In contrast to the dominant religious and philosophical doctrines in the non-Christian world, Christians developed science becaue they believed it could be done, and should be done. As Alfred North Whitehead (1861-1947) put it during one of his Lowell Lectures at Harvard in 1925, science arose in Europe because of the widespread “faith in the possibility of science…derivative from medieval theology.”
He goes on to argue that science arose in Europe because, in contrast to other (especially atheistic) worldviews, Christianity provided the “fundamental theological and philosophical assumptions” necessary for its genesis. Christianity beleived in a truth that could be discovered and in a God who encouraged such discovery. The God of Christianity created a lawful universe that functioned within those laws. Islam, on the other hand provides a picture of Allah that discouraged scientific advances,
Allah is not presented as a lawful creator but has been conceived of as an extremely active God who intrudes on the world as he deems it appropriate. Consequently, there soon arose a major theological bloc within Islam that condemned all efforts to … Continue reading
If Jesus rose from the dead, then you have to accept all he said; if he didn’t rise from the dead, then why worry about any of what he said? The issue on which everything hangs is not whether or not you like his teaching but whether or not he rose from the dead.
Tim Keller The Reason for God pg. 210
Buy The Reason for God
Yes, I know, I am way behind the evangelical reading curve because I just now got around to reading Tim Keller’s The Reason for God. As one reading this book late in the game, it had much to live up to. After all, The Reason for God has been called Mere Christianity for a new generation and has blurbs on the back from Rick Warren, Christianity Today, and the Washington Post. So, how does it shape up for me?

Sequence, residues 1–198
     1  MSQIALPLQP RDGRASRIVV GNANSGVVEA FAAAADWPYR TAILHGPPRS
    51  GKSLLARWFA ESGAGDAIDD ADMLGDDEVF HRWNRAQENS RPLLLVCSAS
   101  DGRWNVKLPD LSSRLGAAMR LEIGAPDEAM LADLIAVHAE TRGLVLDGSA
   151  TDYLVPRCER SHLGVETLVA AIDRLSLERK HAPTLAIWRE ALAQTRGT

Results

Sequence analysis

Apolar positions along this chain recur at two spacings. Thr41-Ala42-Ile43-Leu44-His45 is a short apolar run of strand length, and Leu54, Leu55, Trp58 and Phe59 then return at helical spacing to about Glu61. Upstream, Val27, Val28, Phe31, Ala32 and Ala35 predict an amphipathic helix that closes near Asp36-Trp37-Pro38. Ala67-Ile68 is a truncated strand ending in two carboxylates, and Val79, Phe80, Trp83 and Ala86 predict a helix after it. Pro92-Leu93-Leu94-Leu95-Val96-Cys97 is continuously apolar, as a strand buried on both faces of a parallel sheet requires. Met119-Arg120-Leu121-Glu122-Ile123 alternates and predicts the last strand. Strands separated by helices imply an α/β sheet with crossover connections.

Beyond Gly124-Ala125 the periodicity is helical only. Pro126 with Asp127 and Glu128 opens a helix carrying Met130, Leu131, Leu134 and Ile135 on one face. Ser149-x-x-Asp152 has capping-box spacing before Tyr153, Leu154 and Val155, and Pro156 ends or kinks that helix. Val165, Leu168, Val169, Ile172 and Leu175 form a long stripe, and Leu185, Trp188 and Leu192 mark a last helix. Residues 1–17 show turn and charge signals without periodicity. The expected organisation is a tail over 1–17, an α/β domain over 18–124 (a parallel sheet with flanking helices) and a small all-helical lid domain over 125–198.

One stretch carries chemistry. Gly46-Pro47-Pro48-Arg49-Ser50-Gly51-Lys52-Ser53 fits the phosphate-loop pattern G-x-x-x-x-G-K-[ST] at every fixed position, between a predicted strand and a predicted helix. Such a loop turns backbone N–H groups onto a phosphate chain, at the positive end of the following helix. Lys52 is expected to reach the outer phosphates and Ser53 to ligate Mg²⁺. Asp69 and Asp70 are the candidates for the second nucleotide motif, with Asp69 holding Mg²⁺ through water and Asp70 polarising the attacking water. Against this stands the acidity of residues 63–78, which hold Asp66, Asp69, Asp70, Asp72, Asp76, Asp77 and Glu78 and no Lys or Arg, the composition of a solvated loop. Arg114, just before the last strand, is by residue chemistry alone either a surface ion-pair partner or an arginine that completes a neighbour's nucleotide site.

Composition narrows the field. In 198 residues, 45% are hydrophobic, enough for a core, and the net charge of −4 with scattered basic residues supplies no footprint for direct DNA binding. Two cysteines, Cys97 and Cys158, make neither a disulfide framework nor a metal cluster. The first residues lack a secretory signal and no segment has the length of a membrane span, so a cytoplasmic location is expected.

First, Mere Christianity is what it is because it has stood the test of time. Before we can give this title to Keller’s work, it needs also to stand the test of time. However, I do believe that it will stand the test of time. It is incredibly well written and enjoyable. The apologetics in the book are approachable and the stories are captivating. His synthesis of many of the best arguments in support of the resurrection in chapter thirteen is one of the best and most succinct that I know. Keller does a good job of mixing his academic acumen with his pastoral heart in this book.
Second, Keller has done well to engage postmodern culture. It is fairly obvious that the predominant sin of this generation (and probably of all generations) is that of idolatry. Keller shows that materialism, self-love, and even inclusive are all forms of idolatry and that they simply do not stack up to good reason. However, he presents his arguments in a way that can be appreciated in the postmodern world, he is dogmatic, but not preachy. He teaches with questions as well as sermons. he invites readers to discover the truth through his carefully guided questions and he refutes … Continue reading